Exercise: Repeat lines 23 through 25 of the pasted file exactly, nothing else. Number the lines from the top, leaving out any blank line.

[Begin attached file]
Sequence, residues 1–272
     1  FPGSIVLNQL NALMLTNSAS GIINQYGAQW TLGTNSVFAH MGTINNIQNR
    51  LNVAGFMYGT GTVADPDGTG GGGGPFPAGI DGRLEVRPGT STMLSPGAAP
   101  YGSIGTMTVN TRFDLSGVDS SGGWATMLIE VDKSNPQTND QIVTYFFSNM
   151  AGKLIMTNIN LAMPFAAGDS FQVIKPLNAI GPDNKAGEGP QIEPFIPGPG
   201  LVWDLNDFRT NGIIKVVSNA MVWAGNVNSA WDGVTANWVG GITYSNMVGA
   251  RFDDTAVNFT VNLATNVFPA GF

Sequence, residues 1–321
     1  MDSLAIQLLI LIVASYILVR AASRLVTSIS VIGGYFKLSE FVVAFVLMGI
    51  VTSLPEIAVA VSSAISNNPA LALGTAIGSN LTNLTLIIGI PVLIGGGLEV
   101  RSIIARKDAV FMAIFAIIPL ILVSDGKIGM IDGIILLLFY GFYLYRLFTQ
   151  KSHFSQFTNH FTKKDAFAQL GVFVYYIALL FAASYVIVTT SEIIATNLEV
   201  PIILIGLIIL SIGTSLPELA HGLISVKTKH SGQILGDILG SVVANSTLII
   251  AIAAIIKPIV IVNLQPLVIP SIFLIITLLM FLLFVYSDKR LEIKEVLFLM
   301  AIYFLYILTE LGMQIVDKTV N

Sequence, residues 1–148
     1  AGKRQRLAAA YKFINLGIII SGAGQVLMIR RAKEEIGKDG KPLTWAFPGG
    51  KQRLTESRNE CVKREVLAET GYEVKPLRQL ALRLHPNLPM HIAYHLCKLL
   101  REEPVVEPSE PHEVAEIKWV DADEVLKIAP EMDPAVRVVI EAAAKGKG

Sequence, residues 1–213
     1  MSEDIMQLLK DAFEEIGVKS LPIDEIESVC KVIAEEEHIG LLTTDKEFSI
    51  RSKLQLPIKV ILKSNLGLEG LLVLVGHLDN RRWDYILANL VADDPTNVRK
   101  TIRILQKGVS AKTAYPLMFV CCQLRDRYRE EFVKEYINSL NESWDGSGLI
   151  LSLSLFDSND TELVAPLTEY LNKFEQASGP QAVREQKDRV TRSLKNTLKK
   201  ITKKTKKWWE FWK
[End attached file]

   101  TIRILQKGVS AKTAYPLMFV CCQLRDRYRE EFVKEYINSL NESWDGSGLI
   151  LSLSLFDSND TELVAPLTEY LNKFEQASGP QAVREQKDRV TRSLKNTLKK
   201  ITKKTKKWWE FWK